AfD is now projected to win 18 percent of the vote if elections were held tomorrow, after gaining two percent, according to a poll conducted by German political research organisation Infratest dimap.
The poll indicated the AfD would come in second behind German Chancellor Angela Merkel’s Christian Democratic Union and its Bavarian sister party the Christian Social Union, which were projected to win 28 percent of the vote.
The AfD would nevertheless beat the centre-left SPD party, which stands on 17 percent of the vote after losing one percent.
The Greens and the liberal Free Democratic Party (FDP) both gained a percentage point, standing at 15 percent and nine percent respectively.
However the far-left Linke remained stable with a projected ten percent of the vote.
The results represent the highest popularity ever achieved by the AfD, and the lowest ever support for the SPD; traditionally one Germany’s two main political parties.
Popularity for the AfD has been gradually building over recent months, and they entered the Bundestag for the first time in September 2017 after winning 12.6 percent of the vote in Germany’s fractious elections.
The party was only set up in 2013, and they stand on an anti-EU, anti-immigration platform.
The poll comes less than a month before critical local elections take place in the south German state of Bavaria.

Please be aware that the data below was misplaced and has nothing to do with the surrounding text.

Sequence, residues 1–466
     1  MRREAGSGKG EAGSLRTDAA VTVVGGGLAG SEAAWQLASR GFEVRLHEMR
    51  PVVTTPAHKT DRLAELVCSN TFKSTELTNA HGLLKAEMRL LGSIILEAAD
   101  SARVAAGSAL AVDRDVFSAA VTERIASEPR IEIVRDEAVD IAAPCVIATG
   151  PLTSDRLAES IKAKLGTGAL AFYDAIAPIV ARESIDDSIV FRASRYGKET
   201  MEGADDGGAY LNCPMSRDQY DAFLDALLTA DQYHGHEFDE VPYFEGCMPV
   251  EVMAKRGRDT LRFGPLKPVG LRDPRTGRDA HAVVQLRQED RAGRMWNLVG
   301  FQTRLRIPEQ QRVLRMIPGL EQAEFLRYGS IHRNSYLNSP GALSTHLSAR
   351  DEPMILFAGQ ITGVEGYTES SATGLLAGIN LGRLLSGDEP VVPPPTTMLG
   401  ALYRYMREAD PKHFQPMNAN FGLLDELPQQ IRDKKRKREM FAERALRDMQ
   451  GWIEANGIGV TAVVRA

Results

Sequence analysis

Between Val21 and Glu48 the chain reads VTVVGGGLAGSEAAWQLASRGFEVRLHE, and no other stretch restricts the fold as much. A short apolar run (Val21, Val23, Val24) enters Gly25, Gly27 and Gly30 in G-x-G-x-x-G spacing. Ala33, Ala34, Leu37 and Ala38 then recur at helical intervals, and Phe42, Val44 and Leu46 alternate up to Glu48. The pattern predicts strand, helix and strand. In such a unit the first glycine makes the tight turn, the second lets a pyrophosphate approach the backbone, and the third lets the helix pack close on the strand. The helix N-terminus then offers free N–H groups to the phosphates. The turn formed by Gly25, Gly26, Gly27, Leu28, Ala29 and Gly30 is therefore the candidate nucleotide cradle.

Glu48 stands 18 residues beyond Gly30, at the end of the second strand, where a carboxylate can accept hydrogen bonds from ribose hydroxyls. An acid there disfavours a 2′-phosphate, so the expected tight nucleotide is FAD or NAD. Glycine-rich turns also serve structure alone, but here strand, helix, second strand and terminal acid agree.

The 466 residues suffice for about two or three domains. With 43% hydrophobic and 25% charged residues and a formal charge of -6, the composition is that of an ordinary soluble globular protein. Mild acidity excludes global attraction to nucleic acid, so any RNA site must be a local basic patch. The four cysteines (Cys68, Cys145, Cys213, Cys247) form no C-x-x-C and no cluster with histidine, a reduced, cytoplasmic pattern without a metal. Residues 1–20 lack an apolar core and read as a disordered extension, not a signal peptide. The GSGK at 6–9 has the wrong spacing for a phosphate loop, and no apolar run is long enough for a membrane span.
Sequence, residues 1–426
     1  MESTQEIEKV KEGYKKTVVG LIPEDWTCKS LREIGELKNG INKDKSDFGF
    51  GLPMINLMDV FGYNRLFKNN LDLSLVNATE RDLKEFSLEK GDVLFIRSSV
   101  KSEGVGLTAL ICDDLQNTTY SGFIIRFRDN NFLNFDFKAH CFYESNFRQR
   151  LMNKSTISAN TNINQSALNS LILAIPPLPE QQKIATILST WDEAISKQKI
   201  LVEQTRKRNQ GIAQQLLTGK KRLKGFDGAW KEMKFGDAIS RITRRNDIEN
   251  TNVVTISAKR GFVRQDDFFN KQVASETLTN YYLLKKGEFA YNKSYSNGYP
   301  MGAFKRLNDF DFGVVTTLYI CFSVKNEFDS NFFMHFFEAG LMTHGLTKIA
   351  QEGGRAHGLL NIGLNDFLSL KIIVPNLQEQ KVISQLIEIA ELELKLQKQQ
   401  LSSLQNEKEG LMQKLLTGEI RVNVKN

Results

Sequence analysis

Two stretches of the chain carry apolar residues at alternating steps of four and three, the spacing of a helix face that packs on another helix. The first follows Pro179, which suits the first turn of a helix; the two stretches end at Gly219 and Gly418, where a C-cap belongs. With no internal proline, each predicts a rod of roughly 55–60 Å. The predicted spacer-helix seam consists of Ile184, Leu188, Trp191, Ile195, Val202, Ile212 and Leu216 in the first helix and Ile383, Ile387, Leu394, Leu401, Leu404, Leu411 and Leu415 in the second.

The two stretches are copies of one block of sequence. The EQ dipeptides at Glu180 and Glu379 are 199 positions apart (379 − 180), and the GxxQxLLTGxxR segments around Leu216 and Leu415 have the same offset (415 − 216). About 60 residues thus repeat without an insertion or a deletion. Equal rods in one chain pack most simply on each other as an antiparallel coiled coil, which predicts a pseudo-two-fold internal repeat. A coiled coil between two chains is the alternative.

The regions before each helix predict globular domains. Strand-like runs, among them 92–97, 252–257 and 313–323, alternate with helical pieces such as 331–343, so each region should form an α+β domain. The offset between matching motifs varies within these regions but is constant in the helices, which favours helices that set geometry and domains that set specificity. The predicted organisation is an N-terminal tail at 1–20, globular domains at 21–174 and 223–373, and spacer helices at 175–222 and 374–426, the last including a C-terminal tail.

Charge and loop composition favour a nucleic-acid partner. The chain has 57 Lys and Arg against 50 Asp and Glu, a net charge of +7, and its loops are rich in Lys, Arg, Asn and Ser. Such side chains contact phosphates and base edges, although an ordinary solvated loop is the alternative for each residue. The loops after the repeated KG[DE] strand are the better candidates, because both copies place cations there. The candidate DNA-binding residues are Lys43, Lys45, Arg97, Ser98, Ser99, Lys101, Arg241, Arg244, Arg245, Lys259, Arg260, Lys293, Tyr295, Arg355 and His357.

The CSU are predicted to suffer heavy losses in the vote on October 14, with one poll suggesting they could lose up to 13 percent in the historically conservative state.
Research conducted by Infratest dimap indicated support for the CSU in Bavaria stood at 35 percent, compared to the 47.7 percent it won in the previous local elections in 2013.
Markus Söder, Minister President of Bavaria, commented on the polls, stating: “The polls this week weren’t pretty.
“But they are a chance for a wake-up call.”
Growing support for the AfD has caused splits to emerge between the CDU and CSU leaderships, notably regarding Chancellor Merkel’s contentious migration and refugee policy.
CSU leader and Interior Minister Horst Seehofer threatened to split up the CDU-CSU union prior to the 2017 national elections, a move which was seen as an attempt to pressure Chancellor Merkel into shifting to a more restrictive migration policy.
He also threatened to bypass Chancellor Merkel and implement a plan which would see Germany turn away all migrants who have already been registered elsewhere in the EU.
He eventually backed down from his threat, but has nevertheless called for a “zero tolerance” policy towards criminals entering Germany, and for “faster asylum procedures and more consistent deportations”.
Commenting on the migration crisis, he said: “Those who are not entitled to protection have to return to their countries of origin, because no country on this planet can take in unlimited numbers of refugees and migrants.”